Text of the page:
Have you seen the statue of the fearless girl facing the Wall Street bull? She is brave and confident. She is ready to take on Wall Street’s boys club and take charge of her financial destiny.
There is plenty of research to suggest that women actually make better investors than men. For example, according to a 2016 Fidelity study of more than 8 million clients, women generated investment returns that were 40 basis points (0.4%) higher than men’s returns.
If you feel intimidated and scared to invest, don’t be. Women are better investors than men by nature.
Why? Because what will make or break your performance as an investor is not your ability to analyze financial statements, but your brain, your emotions, and your personality.
Here are five reasons why women generally tend to be better investors than men.
1. Female investors trade less frequently
Warren Buffett says that “if you are not willing to hold a stock for 10 years, don’t even consider holding it for 10 minutes”. The key to successful investing is remembering that you’re in it for the long-term. Frequently buying and selling your securities is not investing. It’s called trading. It’s not the game we are playing here.
Also, every successful investor understands that by owning stocks, she owns a piece of an actual business. The fact that someone is constantly putting a price on your business doesn’t mean you need to act on it, i.e. sell or buy.
The investing confidence of men prompts them to trade more frequently. There is a negative correlation between returns and the frequency of trading. According to a study by Barber and Odean, men traded the stocks in their accounts 45% more than women did. This excessive flip-flopping of securities reduced their net returns by 2.65%. Single men were even worse offenders, trading 67% more than single women.
2. Female investors exhibit less overconfidence
Men tend to be more overconfident than women in “manly” pursuits. Investing is one of them. Men think they know more than they do. Women, on the other hand, are more willing to admit that they know what they don’t know. They’re more willing to own up to the fact that they don’t know everything.
That brings me to my next point.
3. Women educate themselves about investing
Women put in more time and effort in researching possible investments, looking at every angle and detail, as well as considering alternative points of view. Those women who educate themselves about investing are more likely to make smarter decisions that lead to better results.
There are so many books on finance and investing out there, it’s easy to get overwhelmed. If you’d like to educate yourself on a subject of money, but not sure which book to pick, you are in luck. I’ve compiled a list of top 9 finance books for women that will give you the knowledge and confidence boost to start improving your finances today.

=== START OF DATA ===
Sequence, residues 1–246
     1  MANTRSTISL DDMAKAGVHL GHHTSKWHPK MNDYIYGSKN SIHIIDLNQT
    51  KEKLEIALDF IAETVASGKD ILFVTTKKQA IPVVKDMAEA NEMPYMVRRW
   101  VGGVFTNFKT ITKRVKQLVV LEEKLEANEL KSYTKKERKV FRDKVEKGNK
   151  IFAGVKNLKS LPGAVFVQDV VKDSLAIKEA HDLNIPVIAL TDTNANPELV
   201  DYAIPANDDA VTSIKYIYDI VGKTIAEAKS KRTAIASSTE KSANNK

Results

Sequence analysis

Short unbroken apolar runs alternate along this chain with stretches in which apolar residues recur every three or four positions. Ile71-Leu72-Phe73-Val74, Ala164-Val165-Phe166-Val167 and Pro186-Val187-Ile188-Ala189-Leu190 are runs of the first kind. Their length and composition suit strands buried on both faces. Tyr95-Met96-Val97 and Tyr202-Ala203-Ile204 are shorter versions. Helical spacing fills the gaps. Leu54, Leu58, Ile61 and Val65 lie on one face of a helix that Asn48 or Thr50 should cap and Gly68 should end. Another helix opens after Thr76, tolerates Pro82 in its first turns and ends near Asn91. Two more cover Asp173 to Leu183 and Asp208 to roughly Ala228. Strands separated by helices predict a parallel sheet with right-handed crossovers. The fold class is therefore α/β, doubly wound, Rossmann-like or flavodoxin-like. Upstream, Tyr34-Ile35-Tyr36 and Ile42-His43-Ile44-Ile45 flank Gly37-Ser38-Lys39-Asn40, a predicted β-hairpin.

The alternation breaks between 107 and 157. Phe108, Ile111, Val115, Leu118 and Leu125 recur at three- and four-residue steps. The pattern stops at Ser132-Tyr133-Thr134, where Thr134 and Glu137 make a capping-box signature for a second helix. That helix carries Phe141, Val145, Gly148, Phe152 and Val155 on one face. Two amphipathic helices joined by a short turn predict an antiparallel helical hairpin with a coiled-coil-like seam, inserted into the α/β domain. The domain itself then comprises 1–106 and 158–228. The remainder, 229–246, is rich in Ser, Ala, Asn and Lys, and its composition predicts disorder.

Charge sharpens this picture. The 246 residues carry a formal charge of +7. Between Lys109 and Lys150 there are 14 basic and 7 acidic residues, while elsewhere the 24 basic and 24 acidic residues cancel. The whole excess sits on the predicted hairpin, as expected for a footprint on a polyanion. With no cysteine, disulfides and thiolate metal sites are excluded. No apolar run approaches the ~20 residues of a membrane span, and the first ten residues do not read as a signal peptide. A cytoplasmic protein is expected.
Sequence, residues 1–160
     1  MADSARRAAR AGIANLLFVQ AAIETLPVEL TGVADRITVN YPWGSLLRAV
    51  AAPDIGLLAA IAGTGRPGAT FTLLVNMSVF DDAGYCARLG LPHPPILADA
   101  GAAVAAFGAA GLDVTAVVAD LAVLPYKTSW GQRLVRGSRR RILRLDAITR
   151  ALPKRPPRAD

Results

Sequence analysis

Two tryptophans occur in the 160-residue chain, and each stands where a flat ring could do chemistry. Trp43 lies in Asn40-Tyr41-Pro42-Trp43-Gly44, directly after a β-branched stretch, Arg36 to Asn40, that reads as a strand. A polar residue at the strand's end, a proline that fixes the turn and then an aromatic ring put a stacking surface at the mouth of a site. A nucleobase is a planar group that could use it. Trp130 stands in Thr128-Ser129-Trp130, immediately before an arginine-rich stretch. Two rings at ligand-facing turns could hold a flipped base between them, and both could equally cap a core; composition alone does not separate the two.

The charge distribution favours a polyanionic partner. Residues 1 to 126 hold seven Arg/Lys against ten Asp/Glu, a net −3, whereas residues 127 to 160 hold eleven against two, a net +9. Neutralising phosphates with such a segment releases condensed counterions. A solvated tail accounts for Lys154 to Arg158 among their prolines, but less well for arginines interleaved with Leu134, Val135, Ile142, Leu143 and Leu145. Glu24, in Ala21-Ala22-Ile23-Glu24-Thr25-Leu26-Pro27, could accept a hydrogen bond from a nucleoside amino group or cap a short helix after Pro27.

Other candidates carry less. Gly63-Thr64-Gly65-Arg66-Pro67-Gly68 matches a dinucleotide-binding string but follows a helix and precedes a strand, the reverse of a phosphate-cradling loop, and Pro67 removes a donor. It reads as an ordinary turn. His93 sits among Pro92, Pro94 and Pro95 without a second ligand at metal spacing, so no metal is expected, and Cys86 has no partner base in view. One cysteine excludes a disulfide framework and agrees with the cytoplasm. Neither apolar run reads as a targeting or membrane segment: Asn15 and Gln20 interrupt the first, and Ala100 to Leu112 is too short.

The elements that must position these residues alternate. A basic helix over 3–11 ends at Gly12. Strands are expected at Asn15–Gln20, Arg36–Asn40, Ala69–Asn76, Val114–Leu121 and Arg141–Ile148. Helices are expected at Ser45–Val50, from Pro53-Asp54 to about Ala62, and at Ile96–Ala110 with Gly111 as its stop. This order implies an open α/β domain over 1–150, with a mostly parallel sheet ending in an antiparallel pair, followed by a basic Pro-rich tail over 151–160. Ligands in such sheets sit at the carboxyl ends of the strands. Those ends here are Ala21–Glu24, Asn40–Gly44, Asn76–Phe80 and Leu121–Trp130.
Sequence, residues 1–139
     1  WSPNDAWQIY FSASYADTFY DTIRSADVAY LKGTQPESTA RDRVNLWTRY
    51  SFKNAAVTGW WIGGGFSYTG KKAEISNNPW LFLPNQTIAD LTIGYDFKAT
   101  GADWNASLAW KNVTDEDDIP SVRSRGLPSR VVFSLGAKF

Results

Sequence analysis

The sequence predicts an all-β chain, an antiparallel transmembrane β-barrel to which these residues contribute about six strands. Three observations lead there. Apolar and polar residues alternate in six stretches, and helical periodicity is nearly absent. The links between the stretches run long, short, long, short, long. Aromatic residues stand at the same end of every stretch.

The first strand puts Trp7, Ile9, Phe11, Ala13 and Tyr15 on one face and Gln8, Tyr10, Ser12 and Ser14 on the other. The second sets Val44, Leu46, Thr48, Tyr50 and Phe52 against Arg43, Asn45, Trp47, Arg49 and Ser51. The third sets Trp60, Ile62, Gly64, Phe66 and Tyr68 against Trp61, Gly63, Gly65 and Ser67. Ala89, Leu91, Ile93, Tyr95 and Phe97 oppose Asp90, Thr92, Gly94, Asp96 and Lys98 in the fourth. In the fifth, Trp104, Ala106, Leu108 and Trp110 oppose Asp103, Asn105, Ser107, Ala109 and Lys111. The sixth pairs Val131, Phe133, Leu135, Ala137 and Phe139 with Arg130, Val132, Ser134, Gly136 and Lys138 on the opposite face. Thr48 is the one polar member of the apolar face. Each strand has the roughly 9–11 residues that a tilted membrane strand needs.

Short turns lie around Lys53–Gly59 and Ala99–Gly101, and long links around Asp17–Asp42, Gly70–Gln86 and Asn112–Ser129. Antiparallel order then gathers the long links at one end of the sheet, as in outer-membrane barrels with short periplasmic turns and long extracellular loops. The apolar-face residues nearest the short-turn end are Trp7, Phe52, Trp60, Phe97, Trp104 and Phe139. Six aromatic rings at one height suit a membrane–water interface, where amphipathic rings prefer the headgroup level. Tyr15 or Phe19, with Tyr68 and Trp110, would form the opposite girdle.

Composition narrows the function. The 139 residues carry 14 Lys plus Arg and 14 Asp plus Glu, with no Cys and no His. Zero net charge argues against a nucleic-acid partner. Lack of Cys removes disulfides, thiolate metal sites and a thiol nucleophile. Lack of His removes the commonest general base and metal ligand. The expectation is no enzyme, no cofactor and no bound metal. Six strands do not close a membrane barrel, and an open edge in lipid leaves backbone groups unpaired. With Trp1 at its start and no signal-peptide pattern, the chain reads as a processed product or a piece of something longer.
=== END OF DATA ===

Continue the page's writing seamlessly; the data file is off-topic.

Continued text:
4. Women are more risk-averse in allocating their portfolios
All investing involves risk. It’s the nature of the game. However, there is no need to take on more risk than necessary.
Women are more risk-averse compared to men. When we invest our hard-earned cash, we tend to stay within our sphere of competence, stick to what we know.
Also, we are not interested in beating some arbitrary index. What we want from our money is to meet our financial goals – be it comfortable retirement, our children’s education, or a down payment on a home. Based on that, we tend to construct more suitable portfolios to reach our goals. Fidelity study found that men overweighed their portfolios towards greater stock allocations, while women created more diversified and balanced portfolios.
5. Women ask for help
Not only women are more likely to ask for help from a financial advisor or use a Robo-advisor, but they also listen to the advice that’s given to them.
According to the research done by Betterment (the largest Robo-advisor on the market), the majority of its customers followed its asset allocation advice. Among those clients who deviated, men were more likely to take on more risk, moving into a 100% allocation to stocks twice as often as women. Also, men were six times more likely to make major allocation swings, like moving from all stocks to all bonds. It looks like an attempt to time the market, which rarely yields positive results.
The Bigger Picture
When it comes to investing, women tend to educate themselves, create a plan, and stick to it. The only thing we could learn from men is to take action rather than waiting for the perfect time to start investing.
Women need to do a lot more financial planning than men. We live on average 6-8 years longer than men, make less than our male colleagues, and take more career breaks. As a result, women retire with about 2/3 of the money that men do.
I hope I convinced you that women are wired for investing success. Take advantage of it and start investing today! There is no time to waste.